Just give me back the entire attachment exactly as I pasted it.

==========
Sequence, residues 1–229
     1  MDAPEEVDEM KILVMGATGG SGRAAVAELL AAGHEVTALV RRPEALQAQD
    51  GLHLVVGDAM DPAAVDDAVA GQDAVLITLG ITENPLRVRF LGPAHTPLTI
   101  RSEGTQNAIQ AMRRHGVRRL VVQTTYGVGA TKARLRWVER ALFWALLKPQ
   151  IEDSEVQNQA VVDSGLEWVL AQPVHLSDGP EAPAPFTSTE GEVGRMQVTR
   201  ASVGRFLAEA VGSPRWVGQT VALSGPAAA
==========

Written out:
Sequence, residues 1–229
     1  MDAPEEVDEM KILVMGATGG SGRAAVAELL AAGHEVTALV RRPEALQAQD
    51  GLHLVVGDAM DPAAVDDAVA GQDAVLITLG ITENPLRVRF LGPAHTPLTI
   101  RSEGTQNAIQ AMRRHGVRRL VVQTTYGVGA TKARLRWVER ALFWALLKPQ
   151  IEDSEVQNQA VVDSGLEWVL AQPVHLSDGP EAPAPFTSTE GEVGRMQVTR
   201  ASVGRFLAEA VGSPRWVGQT VALSGPAAA